If you’re anything like me, the thought of having more paper lying around probably drives you crazy. Especially after attending professional development sessions/days when you’re given hand-out after hand-out to remind you of what you’ve learnt. I know that I do in fact return to some of those hand-outs but often? I don’t.
Here are some digital and non-digital tips for managing your PD notes and papers.
Non digital ideas
I like to handwrite notes at PD, that’s just my preference. I find that if I handwrite notes I am more likely to remember them – but I know not everyone prefers that method. If you are like me, however, find yourself a single PD notebook for the year. Keep everything in one place that way you always know where to find it if you need to refer back to it. This year I’ve started using a traveler’s notebook with a Moleskine Cahier notebook for my PD notes. Everything goes in there, with the title, date, length and presenter’s name. It doesn’t have to be pretty or shiny, but I know it’s in there. Plus, when I finish with it, I can sit it neatly on a shelf until I need it (or I need to get rid of it after calculating my PD hours each year).
For the hand-outs, find yourself a folder that you can easily add plastic pockets to. A ring-bound or disc-bound folder would work great for this. Depending on your filing system, you could file by subject, presenter or date. Keep this somewhere close to your desk so you file your handouts straight away. There’s nothing worse than finding handout notes 6 months later in a pile of paper your forgot about!
I know a lot of people prefer to compile their PD notes/attendance digitally. There are a lot of options out there because the range of programs and apps available are huge. If you do want to just type your notes up, some of the ones I like include:
Evernote – simply create a PD folder and add a new note each time you attend a PD session. You can also add tags to your notes to make it easier to search later on. Plus you can add images, audio, etc as you go (as long as you have the presenter’s permission), which is even easier if you’re using a tablet or your phone.
Google Docs/Drive – this is especially useful if you’re attending PD with colleagues. Create a collaborative document for taking notes and share it with your colleagues. That way you have the benefit of your notes AND theirs and it’s also a great way to facilitate conversations post-PD session.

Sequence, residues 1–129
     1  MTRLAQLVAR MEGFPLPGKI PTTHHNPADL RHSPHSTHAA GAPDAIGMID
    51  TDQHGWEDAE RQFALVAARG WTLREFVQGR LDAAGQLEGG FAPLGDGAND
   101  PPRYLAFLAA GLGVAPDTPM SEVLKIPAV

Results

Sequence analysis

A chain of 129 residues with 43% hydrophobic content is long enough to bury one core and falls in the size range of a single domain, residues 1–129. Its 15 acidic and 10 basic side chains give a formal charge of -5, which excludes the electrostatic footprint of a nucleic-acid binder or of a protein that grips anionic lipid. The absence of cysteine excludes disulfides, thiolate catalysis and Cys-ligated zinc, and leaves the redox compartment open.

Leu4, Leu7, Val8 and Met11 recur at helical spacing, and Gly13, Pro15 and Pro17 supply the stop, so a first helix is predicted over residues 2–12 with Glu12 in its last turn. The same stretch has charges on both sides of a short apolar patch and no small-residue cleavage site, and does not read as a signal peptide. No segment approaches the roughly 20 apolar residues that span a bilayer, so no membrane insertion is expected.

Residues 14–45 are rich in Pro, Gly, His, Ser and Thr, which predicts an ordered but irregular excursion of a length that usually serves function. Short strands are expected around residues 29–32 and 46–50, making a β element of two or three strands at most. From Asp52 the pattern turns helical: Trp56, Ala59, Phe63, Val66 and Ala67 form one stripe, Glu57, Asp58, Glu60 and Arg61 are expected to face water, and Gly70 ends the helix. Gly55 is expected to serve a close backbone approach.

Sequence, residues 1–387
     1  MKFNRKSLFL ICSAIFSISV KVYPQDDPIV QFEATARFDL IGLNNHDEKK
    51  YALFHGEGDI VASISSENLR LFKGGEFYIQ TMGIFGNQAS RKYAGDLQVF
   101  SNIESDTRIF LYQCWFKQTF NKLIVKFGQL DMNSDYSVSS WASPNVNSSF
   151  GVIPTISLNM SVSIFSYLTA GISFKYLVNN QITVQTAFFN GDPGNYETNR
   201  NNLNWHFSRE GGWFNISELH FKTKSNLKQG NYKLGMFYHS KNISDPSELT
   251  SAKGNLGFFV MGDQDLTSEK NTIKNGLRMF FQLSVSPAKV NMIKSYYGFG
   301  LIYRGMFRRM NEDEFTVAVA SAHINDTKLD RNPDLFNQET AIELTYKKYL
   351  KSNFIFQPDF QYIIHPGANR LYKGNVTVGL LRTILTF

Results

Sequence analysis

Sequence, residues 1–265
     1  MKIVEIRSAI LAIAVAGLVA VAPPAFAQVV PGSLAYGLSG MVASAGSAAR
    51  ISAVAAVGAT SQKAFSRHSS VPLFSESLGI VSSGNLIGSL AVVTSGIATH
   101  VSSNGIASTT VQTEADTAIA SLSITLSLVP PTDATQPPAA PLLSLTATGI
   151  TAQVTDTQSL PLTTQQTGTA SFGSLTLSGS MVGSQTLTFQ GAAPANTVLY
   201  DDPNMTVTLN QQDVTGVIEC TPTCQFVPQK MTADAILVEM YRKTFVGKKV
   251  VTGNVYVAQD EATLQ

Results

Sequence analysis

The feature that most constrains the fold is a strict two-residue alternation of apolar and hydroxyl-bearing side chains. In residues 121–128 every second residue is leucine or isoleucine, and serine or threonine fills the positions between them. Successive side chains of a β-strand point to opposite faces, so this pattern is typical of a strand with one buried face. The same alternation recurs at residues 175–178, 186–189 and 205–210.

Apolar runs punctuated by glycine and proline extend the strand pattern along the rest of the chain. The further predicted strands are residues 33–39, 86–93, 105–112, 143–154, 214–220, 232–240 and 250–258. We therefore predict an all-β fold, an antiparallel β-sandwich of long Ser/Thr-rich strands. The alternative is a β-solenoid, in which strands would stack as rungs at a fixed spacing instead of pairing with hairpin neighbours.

Word/Pages/Notes – using simple word processing documents can be a really simple option, especially if you’re just typing.
Blog – when I originally started this blog, it was a place to reflect on my professional practise (and that includes reflecting on PD). This is a great platform to go back and revisit what you have learnt and then try and communicate it to others. And if you don’t want it to be seen by others, you can set it to private or even leave it as a draft but you know it’s there if you need it.
Scan your handouts and store them digitally. Set up a good digital filing system (perhaps by year, or by subject) and scan your papers and get rid of them when you’re done. This is by far my favourite way to cut down on excess papers floating around on my desk. Do the same with any slides/handouts that presenters email to you. Be sure to have a consistent file name process so that you can search for things easily, too (e.g.: PD_Date_SessionTitle)!
If you don’t have a scanner, take a photo of your handouts (we do live in a smart phone age!) and add them to your folder or Evernote or Dropbox.
I hope that gives you all some ideas to review your PD paper management systems. I’d love to know how YOU manage your PD notes and papers, so don’t forget to leave a comment down below.
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